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My Dear Margaret

By Hayden Sidun

My dear Margaret,

Too much time has passed since you departed this world. I’m writing to you to apologize.

I only wish you understood the kind of stress I was under to make ends meet. I was fired from my job, Margaret, and they said it was because I threatened a coworker in a fit of shell shock. I kept that a secret from you—and, as a consequence, from everyone else—because the last thing I needed was the sight of your worrisome face and the deafening sound of the countless questions that would have stemmed from your fears. Why did you always have to ask so many questions? Not a day went by that I didn’t have to answer one or five or ten of your questions. It was endless, Margaret, but what made me fall in love with you was your innocent spirit and your crave for information and new knowledge. With that crave, of course, you always wondered, and you always asked questions.

I have never hated the sound of your voice, but I couldn’t take it that night. I was scrambling to come up with the answers to my own questions. You had no idea, and of all nights, you chose that foggy Tuesday evening to tell me you were carrying our child. How could I provide for a child? The distressed look on your face when I broke the news still haunts me, Margaret. You asked me over and over how we might be able to make ends meet. How was I supposed to truthfully answer your questions, let alone say those answers out loud? I’m a failure, Margaret, so much so that I couldn’t face reality like the man my father beat me into becoming, the man formed by a devastating war on the other side of the globe, the man you thought you married. I wasn’t strong enough to tell you our finances were bleaker than I allowed you to know. Maybe I wanted to man up and fix it myself. Maybe I wanted to tell myself the lies I told you. I wanted to believe we would be okay just as I let you believe it.

Your questions broke me. I was no longer a man, my dear. No decent person could describe me as anything more than a sentient being, cowering, fearing his own fuckups. You know now that I left the conversation to dig up that old Nazi knife. That was the last thing you’d ever learn. Your final sight was my face, devoid of tearful eyes and layers of sweat, and I know you watched any glimmer of hope or happiness left within me die as you did. A pool of anger within me drowned my love for you when the knife once given to a young Nazi soldier by a hardened general of the Wehrmacht, the same knife that was meant to kill men fighting for the same causes as me, pierced your throat and let out a river of blood. Even now, twelve years after your death, I can sometimes see your blood pooling on the concrete floor of my cell at night, just as it did on the linoleum floor of our kitchen that evening.

Why did I take that knife with me when I came home from France? I took it from that Nazi I shot outside the sandy beach of Normandy. What else could I do? He had somehow gotten away from the rest of those German bastards with whom he fought. Even now, I can feel the sheer glee I felt when I put a bullet in his stomach and watched him die on a pile of bricks outside the beach. When I was sure he was dead, I took that knife from his pocket and ran back to the beach to fight for my country. It’s never been anything more than a token to me, my love. But you’ve heard this story dozens of times.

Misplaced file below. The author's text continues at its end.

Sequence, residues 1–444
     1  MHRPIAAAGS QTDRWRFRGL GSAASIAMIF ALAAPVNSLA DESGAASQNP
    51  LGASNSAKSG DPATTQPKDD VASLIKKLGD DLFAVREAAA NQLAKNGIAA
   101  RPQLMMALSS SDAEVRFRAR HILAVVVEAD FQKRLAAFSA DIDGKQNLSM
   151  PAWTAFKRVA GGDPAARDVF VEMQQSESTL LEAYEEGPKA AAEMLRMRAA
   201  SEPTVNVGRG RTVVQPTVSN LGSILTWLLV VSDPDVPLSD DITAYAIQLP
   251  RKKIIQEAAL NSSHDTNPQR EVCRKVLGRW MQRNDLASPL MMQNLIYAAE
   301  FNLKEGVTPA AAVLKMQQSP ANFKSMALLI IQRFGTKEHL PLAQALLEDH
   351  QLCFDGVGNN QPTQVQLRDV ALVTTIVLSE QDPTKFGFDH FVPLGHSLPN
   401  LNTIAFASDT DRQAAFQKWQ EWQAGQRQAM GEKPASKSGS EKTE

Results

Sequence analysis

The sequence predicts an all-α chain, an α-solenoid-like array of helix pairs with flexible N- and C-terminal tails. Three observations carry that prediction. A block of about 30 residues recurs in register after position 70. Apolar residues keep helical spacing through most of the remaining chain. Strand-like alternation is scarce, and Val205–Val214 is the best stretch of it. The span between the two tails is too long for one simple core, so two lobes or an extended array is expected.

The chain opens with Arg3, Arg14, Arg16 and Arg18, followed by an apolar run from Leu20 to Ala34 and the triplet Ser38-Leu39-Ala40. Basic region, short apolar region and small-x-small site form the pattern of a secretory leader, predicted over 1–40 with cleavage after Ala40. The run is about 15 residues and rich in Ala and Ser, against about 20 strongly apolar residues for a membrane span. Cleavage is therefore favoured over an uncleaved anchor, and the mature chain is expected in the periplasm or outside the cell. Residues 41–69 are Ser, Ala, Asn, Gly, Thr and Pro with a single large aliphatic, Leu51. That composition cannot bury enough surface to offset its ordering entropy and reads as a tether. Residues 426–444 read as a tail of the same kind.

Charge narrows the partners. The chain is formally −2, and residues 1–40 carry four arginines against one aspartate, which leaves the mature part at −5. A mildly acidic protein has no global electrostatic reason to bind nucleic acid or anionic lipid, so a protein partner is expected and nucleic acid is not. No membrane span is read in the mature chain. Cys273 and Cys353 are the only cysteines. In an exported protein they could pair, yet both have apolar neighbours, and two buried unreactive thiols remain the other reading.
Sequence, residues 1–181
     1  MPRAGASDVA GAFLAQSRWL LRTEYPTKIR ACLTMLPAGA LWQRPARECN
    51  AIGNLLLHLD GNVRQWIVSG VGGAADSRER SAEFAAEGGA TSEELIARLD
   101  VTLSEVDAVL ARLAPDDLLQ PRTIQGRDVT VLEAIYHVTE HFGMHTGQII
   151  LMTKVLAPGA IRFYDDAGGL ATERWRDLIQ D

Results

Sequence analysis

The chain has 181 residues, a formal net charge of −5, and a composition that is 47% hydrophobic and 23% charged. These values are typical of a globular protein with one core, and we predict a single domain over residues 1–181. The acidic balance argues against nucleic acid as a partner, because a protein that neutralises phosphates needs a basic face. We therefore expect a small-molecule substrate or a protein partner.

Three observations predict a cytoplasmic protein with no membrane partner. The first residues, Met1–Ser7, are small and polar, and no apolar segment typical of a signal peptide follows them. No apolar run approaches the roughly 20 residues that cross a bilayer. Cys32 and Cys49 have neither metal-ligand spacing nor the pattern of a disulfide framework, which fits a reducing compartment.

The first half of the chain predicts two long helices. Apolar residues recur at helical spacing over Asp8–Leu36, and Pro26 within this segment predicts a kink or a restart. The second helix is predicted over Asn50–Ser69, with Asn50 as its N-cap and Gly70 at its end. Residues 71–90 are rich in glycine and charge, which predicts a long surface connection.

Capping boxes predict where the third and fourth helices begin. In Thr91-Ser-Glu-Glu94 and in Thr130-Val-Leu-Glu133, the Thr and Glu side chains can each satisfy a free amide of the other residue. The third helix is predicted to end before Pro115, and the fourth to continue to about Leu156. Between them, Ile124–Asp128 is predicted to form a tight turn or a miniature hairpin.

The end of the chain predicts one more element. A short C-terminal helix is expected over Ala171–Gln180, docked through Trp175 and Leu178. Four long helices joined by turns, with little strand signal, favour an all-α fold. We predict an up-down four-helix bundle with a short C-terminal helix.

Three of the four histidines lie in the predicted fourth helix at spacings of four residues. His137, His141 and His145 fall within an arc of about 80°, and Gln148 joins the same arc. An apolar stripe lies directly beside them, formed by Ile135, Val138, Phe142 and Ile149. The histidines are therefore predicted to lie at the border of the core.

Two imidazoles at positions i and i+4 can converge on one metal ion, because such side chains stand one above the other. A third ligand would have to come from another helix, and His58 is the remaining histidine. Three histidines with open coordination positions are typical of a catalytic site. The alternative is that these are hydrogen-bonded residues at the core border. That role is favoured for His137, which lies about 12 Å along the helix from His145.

Now I sit alone in a dirty prison cell on that desolate island in the San Francisco Bay. We used to walk down the Embarcadero on Saturday afternoons and view it from Fisherman’s Wharf, wondering what it must be like to be there. Do you remember that, Margaret? I tell you, it’s a living hell here. Seven years in Atlanta and a couple of escape plots were enough to send me to an indescribable mental hellscape, but I was at least a little bit hopeful when they shipped me here. At least I’d be back in my hometown, right? Let me tell you, Margaret, it’s worse here than we could have possibly speculated standing from Fisherman’s Wharf. All I want you to know now and all I’ve ever wanted you to know is that I love you now just as much as I did the night we first met. You remain the love of my life, Margaret, but alas, words cannot mend wounds.

I used to lay inches away from you as we slept in the night. The smell of lavender that exuded from your soft, luscious hair still stays with me. Sometimes I can smell it at night, and when I do, it cancels out the bird shit and the bay water salt that fills the air here day in and day out. It might please you to know that each time I go to the recreation yard, I stand at the top of the steps and look at the city over the giant wall separating us prisoners from freedom, thinking of the first place I’ll be going when I get out of here. I can leave this letter by your tombstone and think of it reaching you in the great beyond.

You will never read this letter on Earth, Margaret. That’s a fact I deeply regret. Perhaps we’ll meet again somewhere, and as I write this in the confines of a prison cell, I look forward to seeing you in wherever lies ahead.

With love,



  1. This story is so well written. I really enjoy reading stories from Hayden Sidun. I hope he keeps writing more so his readers can enjoy them.

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